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Rafael Lozano-Hemmer’s Design Miami/ installation changes with people’s heartbeats.
“The installation Pulse Topology by Mexican-Canadian artist Rafael Lozano-Hemmer, in collaboration with BMW i and Superblue, in Design Miami/ Basel 2022, changes using people’s heartbeats. 6,000 lightbulbs dangle over the visitors’ heads as they walk through the dark room, their paths illuminated by the warm glow of the light installation above them. The lightbulbs bend in their flow, mimicking crests and valleys and offering an intimate landscape that visitors are invited to traverse. Each lightbulb glimmers to the pulse of a previous participant, as custom pulse sensors record visitors’ new heartbeats.” [H/T Designboom]
Johnson Fain is turning Sunkist’s former L.A. headquarters into a mixed-use complex.
“In 2014, the California-based agriculture company Sunkist Growers, Inc. decamped from its longtime San Fernando Valley headquarters in Sherman Oaks and ventured to Valencia, in northwestern Los Angeles County, to establish a new headquarters. Today, the now-vacant 8.3-acre Sherman Oaks campus that once served as Sunkist’s corporate headquarters is being transformed into Citrus Commons: a mixed-use property set within a new park spanning from Riverside Drive to the Los Angeles River. Johnson Fain, an L.A.-based integrated architecture, interior design, and planning firm, is the force behind this effort to maintain the original bones of the Sunkist headquarters office building.” [H/T The Architect’s Newspaper]
Andreas Angelidakis will create a monumental artwork inside the Espace Niemeyer.
“Audemars Piguet Contemporary, the Swiss watch company’s art-focused arm, has commissioned artist Andreas Angelidakis to create a monumental artwork that will pay homage to ancient Greek culture. Titled the Center for the Critical Appreciation of Antiquity, the new work will be situated inside the Espace Niemeyer, a dome-like structure in Paris that was designed by the Brazilian modernist architect Oscar Niemeyer. The piece’s 19-day run will kick off on October 11, and will be viewable during the first edition of Art Basel’s Paris fair.” [H/T ARTnews]
James Turrell unveils one of his famed Skyspaces in a tiny Colorado mountain town.
“James Turrell is no stranger to high profile art commissions. But that isn’t to say the prolific 79-year-old artist is an elitist. This summer a small mountain town will become the latest locale to be blessed with the maestro’s magical touch. For three years he has been working on a new Skyspace in Green Mountain Falls, a scenic community of 650 people 90 minutes from Denver. It’s the first of Turrell’s Skyspace series to have been built into the side of a mountain. And it can be reached only via a half-mile hike.” [H/T Town and Country]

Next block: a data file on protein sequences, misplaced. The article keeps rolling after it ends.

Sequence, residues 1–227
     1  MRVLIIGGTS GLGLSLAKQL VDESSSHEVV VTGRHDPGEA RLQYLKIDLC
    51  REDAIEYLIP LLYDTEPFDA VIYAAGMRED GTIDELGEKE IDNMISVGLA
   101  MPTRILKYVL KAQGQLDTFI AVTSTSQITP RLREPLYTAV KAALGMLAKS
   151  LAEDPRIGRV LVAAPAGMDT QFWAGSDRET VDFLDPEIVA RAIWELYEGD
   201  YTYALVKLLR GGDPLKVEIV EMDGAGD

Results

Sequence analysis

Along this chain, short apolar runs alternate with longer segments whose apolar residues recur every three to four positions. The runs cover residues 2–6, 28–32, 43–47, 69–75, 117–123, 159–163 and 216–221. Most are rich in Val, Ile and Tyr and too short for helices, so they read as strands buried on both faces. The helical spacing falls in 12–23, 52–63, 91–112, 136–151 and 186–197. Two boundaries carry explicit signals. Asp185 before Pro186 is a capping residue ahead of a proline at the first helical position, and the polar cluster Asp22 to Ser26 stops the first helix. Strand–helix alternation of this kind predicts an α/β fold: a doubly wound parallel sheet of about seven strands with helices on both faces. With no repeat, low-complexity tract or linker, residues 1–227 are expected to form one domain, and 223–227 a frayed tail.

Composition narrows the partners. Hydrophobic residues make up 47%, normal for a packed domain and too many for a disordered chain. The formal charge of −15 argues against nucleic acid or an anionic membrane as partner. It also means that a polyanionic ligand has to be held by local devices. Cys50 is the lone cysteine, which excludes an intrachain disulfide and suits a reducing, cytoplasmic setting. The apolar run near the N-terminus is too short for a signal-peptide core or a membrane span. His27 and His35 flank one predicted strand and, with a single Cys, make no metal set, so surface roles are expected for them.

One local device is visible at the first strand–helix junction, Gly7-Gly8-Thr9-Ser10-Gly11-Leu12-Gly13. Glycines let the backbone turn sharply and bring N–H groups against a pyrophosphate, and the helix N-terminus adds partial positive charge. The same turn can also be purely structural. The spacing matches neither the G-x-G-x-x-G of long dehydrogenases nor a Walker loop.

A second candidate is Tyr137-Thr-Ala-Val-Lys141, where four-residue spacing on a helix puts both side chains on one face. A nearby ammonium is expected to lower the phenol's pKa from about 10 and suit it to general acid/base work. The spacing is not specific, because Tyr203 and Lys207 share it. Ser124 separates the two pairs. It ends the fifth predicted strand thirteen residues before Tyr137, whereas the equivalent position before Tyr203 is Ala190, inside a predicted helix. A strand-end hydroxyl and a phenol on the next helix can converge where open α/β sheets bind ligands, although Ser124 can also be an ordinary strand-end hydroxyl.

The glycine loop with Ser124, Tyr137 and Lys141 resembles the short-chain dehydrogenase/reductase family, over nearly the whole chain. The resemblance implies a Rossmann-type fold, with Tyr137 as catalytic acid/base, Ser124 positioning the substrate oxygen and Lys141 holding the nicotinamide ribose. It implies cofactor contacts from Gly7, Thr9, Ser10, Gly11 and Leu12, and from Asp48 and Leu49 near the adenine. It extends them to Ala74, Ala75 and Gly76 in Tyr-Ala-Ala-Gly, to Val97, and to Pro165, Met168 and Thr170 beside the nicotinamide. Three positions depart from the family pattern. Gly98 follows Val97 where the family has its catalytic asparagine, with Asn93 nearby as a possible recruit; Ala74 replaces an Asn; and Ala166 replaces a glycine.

Ripley’s Believe It or Not! denies any damage to Kim Kardashian’s Met Gala dress.
“The long-running saga otherwise known as ‘Much ado around Kim Kardashian’s decision to borrow Marilyn Monroe’s ‘Happy Birthday, Mr. President’ dress for her Met Gala entrance’ continues, more than six weeks after the event. Ripley’s Believe It or Not!, the organization that owns the dress, posted a statement on its website denying allegations on social media that Ms. Kardashian’s appearance in the gown had damaged the dress, stretching it out of shape around the zipper close and shedding some of the rhinestones. Ms. Kardashian’s entrance in the dress ‘did not, in any way, damage the garment,’ the statement said, noting that after Ripley’s had purchased the gown in a 2016 auction, a report on the gown’s condition stated that ‘a number of the seams are pulled and worn’ and ‘there is puckering at the back by the hooks and eyes,’ among other damage.” [H/T The New York Times]
Three environmental groups are suing the Biden administration over drilling permits.
“Three environmental organizations sued the Biden administration for granting thousands of fossil fuel drilling permits, alleging the permits violate federal law. In the lawsuit, filed in the Federal District Court for the District of Columbia, plaintiffs accused the Bureau of Land Management of violating the Endangered Species Act, the National Environmental Policy Act, and the Federal Land Policy and Management Act by granting 3,500 permits in Wyoming and New Mexico. The plaintiffs—the Center for Biological Diversity, WildEarth Guardians and the Western Environmental Law Center—argue that the wells in question are an imminent threat to their respective ecosystems and more than 150 at-risk species.” [H/T The Hill]